In our facility we have many nurses who are engaged and creating a positive practice environment. For example, we have 12 Nursing Committee. Five years ago, these committees were all led by nursing leadership members. We have invested a considerable amount of time and education in leadership of our direct care team. Today In eight of these twelve committees our direct care nurses are either chairing, co-chairing, or both. There are also 29 Unit Based Councils in our organization. Nearly every nurse in our organization has a voice in their practice. These are the ways that we operationalize shared decision making at VA Southern Nevada. This provides wonderful opportunities for our nurses to become engaged and involved. Through this involvement out nurses become stakeholders in processes that are important to us all. Leadership qualities gained in part by leading committees and UBCs provides growth opportunities for our direct care nurses. Many of our nurses who have held these positions have gone on to become Assistant Nurse Managers and even gone on to become Managers.
What do you hope to do in the future to support your PTE designation?
My goal for the upcoming year and the years after is to be able to market our Pathway inspired culture to all nurses and to be able to Pathway “touch” every nurse in our facility.
We hope to be able to continue to send between 10 to 20 RNs and LPNs to the National Magnet/Pathway to Excellence conference. Nothing has motivated and engaged our nurses better than the experts at ANCC.
My CNO and I will continue to go to every new nurse orientation and share our journey with every new nurse entering the facility. This came directly from the 2016 Pathway Standards EOP 6.1.
Our organization holds a four-hour “Excellence Inspire and Renew” pizza lunch class quarterly to 44 nurses to provide education and share our designation highlights. Nurses must be endorsed to attend by their managers.
I send out a weekly “Did you Know?” email to all nurses made up of questions from the EOPs. Example is this week’s message, “Did You Know that our organization provides opportunities for professional growth and development for nurses?” and then a bullet point list of 13 learning/training items that describe how VASNHS provides opportunities for professional growth.
We have implemented a free, no cost, fun, weekly program called “Wear Blue Wednesday”. Blue being the color of the Pathway button, unit’s send pics to me every week and I send emails out to the nurses broadcasting which unit/clinic/services is supporting PTE by wearing blue. This is FREE (Leadership likes that) and the nurse’s love it too.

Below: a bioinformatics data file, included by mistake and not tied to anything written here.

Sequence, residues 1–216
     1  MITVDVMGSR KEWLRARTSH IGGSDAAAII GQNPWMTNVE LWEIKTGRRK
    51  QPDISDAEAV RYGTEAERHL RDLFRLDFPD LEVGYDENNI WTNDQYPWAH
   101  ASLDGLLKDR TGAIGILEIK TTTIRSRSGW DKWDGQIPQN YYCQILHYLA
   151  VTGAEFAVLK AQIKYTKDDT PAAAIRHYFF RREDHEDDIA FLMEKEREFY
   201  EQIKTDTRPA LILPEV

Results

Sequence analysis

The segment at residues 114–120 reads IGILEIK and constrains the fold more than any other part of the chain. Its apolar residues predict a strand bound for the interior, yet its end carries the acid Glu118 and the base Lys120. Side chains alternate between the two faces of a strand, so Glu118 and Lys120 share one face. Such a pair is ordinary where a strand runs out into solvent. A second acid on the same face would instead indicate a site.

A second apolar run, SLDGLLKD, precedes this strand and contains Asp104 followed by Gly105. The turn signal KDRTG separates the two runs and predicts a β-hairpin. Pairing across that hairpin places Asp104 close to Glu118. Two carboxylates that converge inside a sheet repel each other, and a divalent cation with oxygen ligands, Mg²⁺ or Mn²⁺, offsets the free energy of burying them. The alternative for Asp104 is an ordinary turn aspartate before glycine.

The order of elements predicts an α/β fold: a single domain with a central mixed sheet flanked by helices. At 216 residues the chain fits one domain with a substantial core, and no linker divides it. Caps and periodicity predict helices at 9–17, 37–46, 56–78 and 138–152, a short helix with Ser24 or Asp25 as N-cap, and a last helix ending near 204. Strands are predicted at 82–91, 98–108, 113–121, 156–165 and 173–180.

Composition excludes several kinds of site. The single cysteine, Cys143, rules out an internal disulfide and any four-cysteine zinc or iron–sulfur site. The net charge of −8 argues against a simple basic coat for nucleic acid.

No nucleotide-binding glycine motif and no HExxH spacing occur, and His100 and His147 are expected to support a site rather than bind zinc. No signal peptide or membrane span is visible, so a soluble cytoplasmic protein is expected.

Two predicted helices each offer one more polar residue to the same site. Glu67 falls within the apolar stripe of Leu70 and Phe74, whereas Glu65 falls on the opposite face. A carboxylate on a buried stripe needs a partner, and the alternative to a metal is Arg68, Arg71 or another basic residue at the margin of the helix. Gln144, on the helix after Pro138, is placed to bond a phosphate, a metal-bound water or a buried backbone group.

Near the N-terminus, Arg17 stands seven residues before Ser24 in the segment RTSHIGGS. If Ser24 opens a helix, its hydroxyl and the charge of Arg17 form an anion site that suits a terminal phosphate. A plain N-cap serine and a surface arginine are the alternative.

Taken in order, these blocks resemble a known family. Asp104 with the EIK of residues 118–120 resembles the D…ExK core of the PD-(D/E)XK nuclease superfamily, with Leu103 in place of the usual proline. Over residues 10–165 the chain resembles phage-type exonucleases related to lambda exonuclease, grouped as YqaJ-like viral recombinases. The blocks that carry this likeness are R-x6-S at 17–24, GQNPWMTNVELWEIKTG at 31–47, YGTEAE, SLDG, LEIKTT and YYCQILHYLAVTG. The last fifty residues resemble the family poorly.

I also have a “giving back” weekly email that I send highlighting unit/clinic/services that have participated in community volunteer activities. This is also FREE (Leadership likes that).
Our Pathway Café Coffee Cart for night shift has been very well appreciated by our off-shift nurses. We round from 2 to 5 am every 2 months and reach on average 70 nurses per night with hot beverages, snack foods, and great conversation. This was a “best practice” shared at PPD day at the 2022 conference in Philadelphia.
Our Quarterly UBC Officer’s Meetings provides updates for our PTE designation process.
10 nurses a month are provided an opportunity for a brown bag “Lunchtime discussions with the CNO.” Nurses must be recommended by their managers to attend. This is also Free and was also a “best practice” shared at the 2019 PTE conference.
Our 29 UBCs are holding a Nursing Excellence Poster Fair in April to highlight the 6 Pathway Standards being met across VA Southern Nevada.
Every manager, every nurse leader has the Pathway Designated button their email correspondence.
I send out “wear blue Wednesdays” emails to the Managers and UBC officers showing the services/teams/units/clinics wearing blue to “support Pathways until we CRUSH the survey.” We have over 50 photos in our lineup, many units have sent more that one photo. Again, Free to the organization.
I also send out “Nurses’ Giving Back” emails to eh Managers and UBC Officers highlighting the community volunteer work participation going on by our nurses. Again, Free to the organization.
2023 will be the 4th year that VASNHS has practices Nurses’ Month in May. The activities being planned are a collaboration between our Nursing Retention and Recognition Committee and Shared Governance.
Our UBC’s will continue to have challenges during the holidays and other significant periods for unit decorating, pumpkin carving, Elf at work and whatever other wonderful ideas that our nurses can think of.